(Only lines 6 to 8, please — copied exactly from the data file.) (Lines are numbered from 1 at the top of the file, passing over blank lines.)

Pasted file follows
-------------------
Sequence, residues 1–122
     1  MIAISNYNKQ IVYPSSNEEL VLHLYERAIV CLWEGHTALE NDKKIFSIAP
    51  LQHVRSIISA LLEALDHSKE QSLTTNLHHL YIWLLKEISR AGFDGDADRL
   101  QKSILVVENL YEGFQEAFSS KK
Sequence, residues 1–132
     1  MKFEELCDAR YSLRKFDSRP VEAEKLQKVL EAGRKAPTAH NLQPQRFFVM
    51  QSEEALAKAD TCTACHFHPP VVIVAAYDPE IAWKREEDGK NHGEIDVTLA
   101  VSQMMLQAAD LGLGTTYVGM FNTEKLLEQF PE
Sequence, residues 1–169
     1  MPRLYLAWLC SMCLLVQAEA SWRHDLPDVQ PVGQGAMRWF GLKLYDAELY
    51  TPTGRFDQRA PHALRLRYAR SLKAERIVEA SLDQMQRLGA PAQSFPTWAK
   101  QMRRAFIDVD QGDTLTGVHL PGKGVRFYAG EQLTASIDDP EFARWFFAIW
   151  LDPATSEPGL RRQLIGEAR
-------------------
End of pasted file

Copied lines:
     1  MKFEELCDAR YSLRKFDSRP VEAEKLQKVL EAGRKAPTAH NLQPQRFFVM
    51  QSEEALAKAD TCTACHFHPP VVIVAAYDPE IAWKREEDGK NHGEIDVTLA
   101  VSQMMLQAAD LGLGTTYVGM FNTEKLLEQF PE